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Dust That Broom! A Newbie’s Guide to Slide

    Photo by Andy Ellis

    If you don’t play slide guitar, start now. It’s easier than you might think. Just follow the Funkadelic principle: “Free your mind and your ass”—or in this case, your fingers—“will follow.”

    There are no limitations of genre or technique with slide. The slide empire extends from the stab ’n’ slice of Delta blues granddaddy Son House to the whinnying cries of Muddy Waters, the bare-knuckled rumblings of J.B. Hutto to the righteous roots of Ry Cooder, the infinite sonic universe of India’s Debashish Bhattacharya to the modernistic wail of the Edge, and the free-flying jazz of Sonny Sharrock to the omnivorous odyssey of Derek Trucks, with all kinds of artistic stops between. And it doesn’t matter if you’re a shred master or just learning basic chords. Everybody can do it—trust me. You only need two things to play slide: a guitar and, of course, a slide!

    When I showed up with a big steel slide for a lesson with country blues virtuoso Paul Rishell, he asked me, “Why are you trying to play with a sewer pipe on your finger?”

    Let’s assume you’ve already got the guitar—and in this case, we’re talking conventional roundneck guitars, verses lap or pedal steels, or squareneck resonators. (For a jump start on playing lap steel, read Senior Editor Andy Ellis’ “Hand Jive! Master the Fundamentals of Lap Steel” on Some say you need to raise a guitar’s action for slide, and while that’s an option, it’s typically unnecessary—especially if you’ll be playing electric guitar with at least a tad of distortion. That’ll cover up any minimal fret or neck noise. And honestly, when I hear the occasional “clunk” of a slide on the neck of an acoustic guitar, I just consider it part of the approach’s charm, reminiscent of cool field recordings of Fred McDowell, R.L. Burnside, and other great rural American sliders who I admire. When you’re in the early stages of slide discovery, let nothing discourage or distract you from the quest.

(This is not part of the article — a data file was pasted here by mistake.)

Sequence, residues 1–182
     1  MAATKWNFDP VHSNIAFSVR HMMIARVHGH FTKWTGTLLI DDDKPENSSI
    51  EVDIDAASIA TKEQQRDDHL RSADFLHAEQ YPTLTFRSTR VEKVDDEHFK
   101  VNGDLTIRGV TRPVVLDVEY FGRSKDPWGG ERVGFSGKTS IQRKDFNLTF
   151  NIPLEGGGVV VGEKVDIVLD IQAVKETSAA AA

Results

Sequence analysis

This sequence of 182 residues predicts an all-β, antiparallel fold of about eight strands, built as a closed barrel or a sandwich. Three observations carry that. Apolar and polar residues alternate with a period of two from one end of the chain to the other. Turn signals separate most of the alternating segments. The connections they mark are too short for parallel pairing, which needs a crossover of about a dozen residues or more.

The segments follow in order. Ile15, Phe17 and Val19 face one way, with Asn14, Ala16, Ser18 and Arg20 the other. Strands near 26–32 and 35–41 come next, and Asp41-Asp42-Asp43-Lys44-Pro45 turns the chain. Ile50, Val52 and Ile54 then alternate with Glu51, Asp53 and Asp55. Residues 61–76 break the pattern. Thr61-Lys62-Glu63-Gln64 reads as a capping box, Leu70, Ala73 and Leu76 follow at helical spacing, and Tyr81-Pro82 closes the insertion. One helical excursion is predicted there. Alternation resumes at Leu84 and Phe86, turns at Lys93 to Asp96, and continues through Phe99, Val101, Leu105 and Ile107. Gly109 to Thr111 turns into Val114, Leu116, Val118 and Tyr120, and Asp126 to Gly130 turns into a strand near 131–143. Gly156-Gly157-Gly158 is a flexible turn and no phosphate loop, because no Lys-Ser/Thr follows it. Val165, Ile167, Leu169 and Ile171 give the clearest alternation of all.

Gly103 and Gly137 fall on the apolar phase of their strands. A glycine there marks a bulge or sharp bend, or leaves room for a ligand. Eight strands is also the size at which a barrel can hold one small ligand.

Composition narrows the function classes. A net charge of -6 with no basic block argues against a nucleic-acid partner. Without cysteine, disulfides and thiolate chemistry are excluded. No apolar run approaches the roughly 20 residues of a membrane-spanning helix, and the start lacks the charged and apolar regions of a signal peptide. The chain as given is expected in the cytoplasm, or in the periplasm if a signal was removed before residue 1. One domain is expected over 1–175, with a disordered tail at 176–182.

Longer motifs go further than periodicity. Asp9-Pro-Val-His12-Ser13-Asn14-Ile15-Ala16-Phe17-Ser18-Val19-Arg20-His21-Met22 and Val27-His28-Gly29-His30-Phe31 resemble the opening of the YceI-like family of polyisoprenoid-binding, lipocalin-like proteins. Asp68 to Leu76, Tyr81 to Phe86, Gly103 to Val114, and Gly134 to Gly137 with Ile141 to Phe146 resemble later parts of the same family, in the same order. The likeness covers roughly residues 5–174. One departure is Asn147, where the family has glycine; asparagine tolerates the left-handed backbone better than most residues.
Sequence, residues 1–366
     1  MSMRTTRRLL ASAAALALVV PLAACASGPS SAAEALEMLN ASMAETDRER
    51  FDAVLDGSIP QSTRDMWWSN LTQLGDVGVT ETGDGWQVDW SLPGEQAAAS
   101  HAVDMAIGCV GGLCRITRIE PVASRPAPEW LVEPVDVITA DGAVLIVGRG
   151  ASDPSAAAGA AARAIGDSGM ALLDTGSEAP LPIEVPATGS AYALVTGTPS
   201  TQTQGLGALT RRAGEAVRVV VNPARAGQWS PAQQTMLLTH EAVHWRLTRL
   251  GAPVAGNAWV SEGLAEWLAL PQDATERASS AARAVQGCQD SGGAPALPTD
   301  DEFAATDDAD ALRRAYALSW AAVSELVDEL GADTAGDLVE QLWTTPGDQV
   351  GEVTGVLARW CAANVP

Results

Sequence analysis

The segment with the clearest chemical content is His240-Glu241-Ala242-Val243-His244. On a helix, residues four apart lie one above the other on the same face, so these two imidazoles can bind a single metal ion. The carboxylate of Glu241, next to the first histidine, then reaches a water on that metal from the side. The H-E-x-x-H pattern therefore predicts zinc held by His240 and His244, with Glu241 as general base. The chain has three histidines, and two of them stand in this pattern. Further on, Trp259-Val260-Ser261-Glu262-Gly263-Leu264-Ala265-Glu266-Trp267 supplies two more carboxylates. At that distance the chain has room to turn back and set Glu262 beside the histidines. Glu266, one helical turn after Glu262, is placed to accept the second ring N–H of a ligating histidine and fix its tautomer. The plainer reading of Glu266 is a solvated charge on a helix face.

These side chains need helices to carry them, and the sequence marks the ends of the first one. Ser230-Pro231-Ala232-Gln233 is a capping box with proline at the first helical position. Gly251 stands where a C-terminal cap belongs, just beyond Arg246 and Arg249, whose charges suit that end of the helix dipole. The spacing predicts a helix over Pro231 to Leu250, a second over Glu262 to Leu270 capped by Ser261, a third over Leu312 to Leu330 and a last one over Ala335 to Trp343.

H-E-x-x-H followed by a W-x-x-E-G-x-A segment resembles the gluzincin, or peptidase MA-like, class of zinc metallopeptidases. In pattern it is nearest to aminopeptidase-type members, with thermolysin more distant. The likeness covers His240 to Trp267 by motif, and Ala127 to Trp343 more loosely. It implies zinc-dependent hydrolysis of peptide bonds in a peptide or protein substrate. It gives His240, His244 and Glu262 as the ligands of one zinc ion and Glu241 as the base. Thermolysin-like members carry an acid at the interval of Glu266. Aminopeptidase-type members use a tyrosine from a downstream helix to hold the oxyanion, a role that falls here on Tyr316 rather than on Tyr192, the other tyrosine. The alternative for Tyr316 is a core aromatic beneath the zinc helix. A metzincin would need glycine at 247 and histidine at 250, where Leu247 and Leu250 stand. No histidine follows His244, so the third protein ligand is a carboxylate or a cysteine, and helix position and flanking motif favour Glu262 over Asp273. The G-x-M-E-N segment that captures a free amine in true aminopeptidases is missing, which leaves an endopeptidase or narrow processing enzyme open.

With a trusty guitar at the ready, the next tool you need is a slide. Here’s where things can seem complicated. The market is flooded with slides made from a wide variety of materials and with differing dimensions. But the only thing that’s important is finding the slide that works and feels best for you. There are three factors to consider in choosing the right slide: size, weight, and material. Let’s tackle size—both length and girth—first.

    Long steel slides are popular with beginners. They’re easy to find, and with their fretboard-spanning reach, they don’t demand much subtlety, but they can also be cumbersome. The bottom line is that slide selection is ultimately subjective. Photo by Andy Ellis

    Mutt or Jeff?
    Some players dig a long side that fits across all six strings. Certainly, with a longer slide the accuracy of your fretting hand is less important. Such fretboard-spanning slides make it easy to play full chords in open tunings and, provided you’re accurate with your picking hand, hit the notes you want to ring out. It’s easy to find long slides, too. Almost every slide manufacturer, from giants like Jim Dunlop and Fender to one-man operations like Colorado’s Rocky Mountain Slides and Austin’s Glassbender Guitar Slides, makes them. But long slides aren’t right for every player—especially if you’re aiming for precision and optimum control over dynamics.